CMSD and other providers have added 335 preschool seats this year as part of an effort to make high-quality, early-childhood education available to as many children in the city as possible.
The District contributed 260 of those seats, expanding its total spaces by 25 percent to 1,020. All are filled, and for each seat, a child is waiting.
The news was part of a progress report delivered today by PRE4CLE
, a partnership between CMSD and other high-quality providers. The update came on the first day of prekindergarten classes in the District.
Expanding access to high-quality preschool is part of The Cleveland Plan
, a state-approved blueprint for reform. CMSD Chief Executive Officer Eric Gordon said pre-K feeds a culture of higher education by ensuring that students are prepared for kindergarten and beyond.
“It exposes children to high-quality learning and innovative and imaginative play,” the CEO said at Tremont Montessori School, the largest of the District’s 47 prekindergarten sites. “It does not eliminate the fun.”
Launched in March, PRE4CLE is focusing first on 4-year-olds and will ultimately take in 3-year-olds as well. CMSD has committed $2.5 million to the network’s two-year $35 million goal, and Cuyahoga County added $1 million. (Read the plan
According to Case Western Reserve University research presented in March, only 2,857 Cleveland children ages 3 to 5, fewer than one in five, were enrolled in high-quality preschool last year. PRE4CLE is seeking to add nearly 1,200 seats this year.
The CWRU research also showed that only 22 percent of Cleveland pre-K providers were rated as high quality and that most were unrated. PRE4CLE works with providers to help them achieve at least three stars out of a maximum five on a state rating system.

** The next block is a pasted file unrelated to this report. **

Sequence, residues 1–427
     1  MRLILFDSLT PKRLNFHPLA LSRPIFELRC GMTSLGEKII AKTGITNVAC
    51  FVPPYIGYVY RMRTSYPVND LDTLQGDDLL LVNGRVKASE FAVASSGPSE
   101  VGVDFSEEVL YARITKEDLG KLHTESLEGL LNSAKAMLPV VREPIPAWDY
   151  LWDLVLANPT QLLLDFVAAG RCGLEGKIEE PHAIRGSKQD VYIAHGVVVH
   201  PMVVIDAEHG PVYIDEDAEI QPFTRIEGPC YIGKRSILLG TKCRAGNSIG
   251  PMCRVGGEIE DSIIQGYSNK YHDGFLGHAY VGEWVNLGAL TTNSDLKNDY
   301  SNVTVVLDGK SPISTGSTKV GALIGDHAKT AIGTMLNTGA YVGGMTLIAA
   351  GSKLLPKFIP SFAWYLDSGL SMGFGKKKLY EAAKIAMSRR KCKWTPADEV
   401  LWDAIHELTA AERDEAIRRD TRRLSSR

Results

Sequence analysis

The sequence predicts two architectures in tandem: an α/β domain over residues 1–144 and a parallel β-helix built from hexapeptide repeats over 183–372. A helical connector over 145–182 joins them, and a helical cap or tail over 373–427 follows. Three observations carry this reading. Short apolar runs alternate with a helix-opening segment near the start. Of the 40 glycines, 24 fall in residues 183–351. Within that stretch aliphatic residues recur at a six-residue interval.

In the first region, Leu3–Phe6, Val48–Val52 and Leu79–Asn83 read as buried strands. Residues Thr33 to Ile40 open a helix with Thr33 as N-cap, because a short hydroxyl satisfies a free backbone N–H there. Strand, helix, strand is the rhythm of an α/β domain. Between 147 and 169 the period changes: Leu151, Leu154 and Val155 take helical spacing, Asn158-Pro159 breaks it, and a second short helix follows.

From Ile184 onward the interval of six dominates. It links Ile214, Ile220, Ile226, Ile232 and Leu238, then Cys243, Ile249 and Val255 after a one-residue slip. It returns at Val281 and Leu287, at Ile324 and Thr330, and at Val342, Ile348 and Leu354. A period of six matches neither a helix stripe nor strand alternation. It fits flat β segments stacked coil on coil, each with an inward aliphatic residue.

The network also contracts with providers and markets high-quality prekindergarten to families. A mailing of 15,000 postcards went to households during the summer and another 15,000 are to go out soon.
Plans call for eventually helping with tuition and transportation. CMSD’s prekindergarten is free, even though the District receives no state funding for that age group.
A group called the Cleveland Early Childhood Compact picked Starting Point, a referral agency for early education and child care in Northeast Ohio, and the Educational Service Center of Cuyahoga County to manage PRE4CLE.
Katie Kelly began work as PRE4CLE’s first director this month. The lifelong Cleveland resident formerly was executive director of groundWork, a statewide group that advocates for making top-grade early-childhood education a priority in Ohio.
Kelly said years of research shows that the period from birth to age 5 is a “unique window” for brain development that affects intellectual capacity and skills like listening and following directions.
“The sort of hardwiring of the brain is what happens in those first five years,” she said. “The investment we make in children at that time has such a tremendous impact not only on their school careers but their whole lives.”
Pierre Sain and his wife, Javin Polk, attended the Tremont presentation and spoke of the difference that the school’s prekindergarten program has made for their children: Kaylissa, now in the third grade; Pierre, who is in first grade, and 4-year-old Javierre.
Polk said Javierre was unfocused and unenthused about learning until he attended preschool as a 3-year-old. During the summer, she said, he grew restless and filled time by organizing numbered flashcards in order from 1 to 20.
“If you have a 3-year-old, I would start them early,” Polk said. “It’s very beneficial.”